BigBasket did not have a playbook to follow when it started its journey in 2011 as there was no success story in the online grocery segment at the time and the company was forced to create a product framework
The company has grown steadily over the years and claims to have reached a gross merchandise value of $1 Bn in May 2020. It has also maintained the thin margins of ecommerce by keeping its teams lean and agile
Catering to customer needs is not simple as the target keeps evolving based on the company’s growth, changes in the market and a shift in customer requirements
It was June 2014. Bengaluru, India. The country’s fledgeling online grocer BigBasket’s business was growing at 15% month on month. New product features were ideated and added every morning. And coding was completed by the end of the day. This rapid development was essential to attract more customers, but the downside was scary. Bugs were coming up fast in the technology stack that went unchecked due to tight deadlines.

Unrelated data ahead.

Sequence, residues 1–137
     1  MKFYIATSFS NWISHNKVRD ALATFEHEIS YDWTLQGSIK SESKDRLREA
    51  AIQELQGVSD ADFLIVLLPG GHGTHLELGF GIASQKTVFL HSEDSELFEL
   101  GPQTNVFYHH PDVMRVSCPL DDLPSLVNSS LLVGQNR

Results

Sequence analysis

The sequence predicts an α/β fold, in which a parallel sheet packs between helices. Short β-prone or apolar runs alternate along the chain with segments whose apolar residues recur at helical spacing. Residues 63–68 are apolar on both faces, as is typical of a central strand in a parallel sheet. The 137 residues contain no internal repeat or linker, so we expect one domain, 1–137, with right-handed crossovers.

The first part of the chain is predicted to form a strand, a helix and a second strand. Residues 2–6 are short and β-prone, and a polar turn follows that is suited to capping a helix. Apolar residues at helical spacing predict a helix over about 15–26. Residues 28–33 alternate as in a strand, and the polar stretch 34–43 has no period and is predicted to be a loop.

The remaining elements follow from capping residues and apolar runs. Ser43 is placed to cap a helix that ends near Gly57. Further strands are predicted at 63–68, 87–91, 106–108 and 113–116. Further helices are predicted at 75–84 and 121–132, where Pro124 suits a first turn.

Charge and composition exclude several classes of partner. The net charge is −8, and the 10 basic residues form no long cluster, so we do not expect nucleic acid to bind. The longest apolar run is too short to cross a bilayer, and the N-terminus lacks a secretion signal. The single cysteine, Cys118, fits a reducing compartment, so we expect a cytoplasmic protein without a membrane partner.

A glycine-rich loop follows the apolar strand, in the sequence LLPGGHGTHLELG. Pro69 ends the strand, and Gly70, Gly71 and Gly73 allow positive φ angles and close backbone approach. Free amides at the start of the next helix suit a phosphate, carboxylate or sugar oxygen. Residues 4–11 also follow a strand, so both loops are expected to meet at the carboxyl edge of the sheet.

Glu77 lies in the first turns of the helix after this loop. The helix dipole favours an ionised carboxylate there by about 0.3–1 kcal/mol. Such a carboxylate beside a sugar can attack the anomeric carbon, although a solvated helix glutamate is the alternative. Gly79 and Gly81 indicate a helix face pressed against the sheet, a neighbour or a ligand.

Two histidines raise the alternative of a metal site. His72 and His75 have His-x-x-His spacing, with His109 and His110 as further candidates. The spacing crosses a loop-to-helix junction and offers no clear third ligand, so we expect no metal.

The problem finds a mention in the book, Saying No To Jugaad: The Making Of BigBasket, penned by T.N. Hari and M.S. Subramanian (both are currently working for the company). Disturbed by the everyday glitches, Pramod Jajoo, then chief technology officer of BigBasket, called Tejas Vyas to his cabin. Vyas was a young tech leader, working with the organisation at the time.
“In the interest of speed, the quality of architecture had suffered. The quality of documentation was just as bad. When an engineer quit, there was no way to understand why something was architected or configured the way it was. One could not be sure what all would be affected if you tweaked a particular part of the monolith,” the authors noted.
Vyas’s role in cleaning up the technology modules bit by bit in the next two weeks did not go unnoticed in the company. In January 2015, he was made the product manager for supply and logistics and got promoted to director, products, two years later.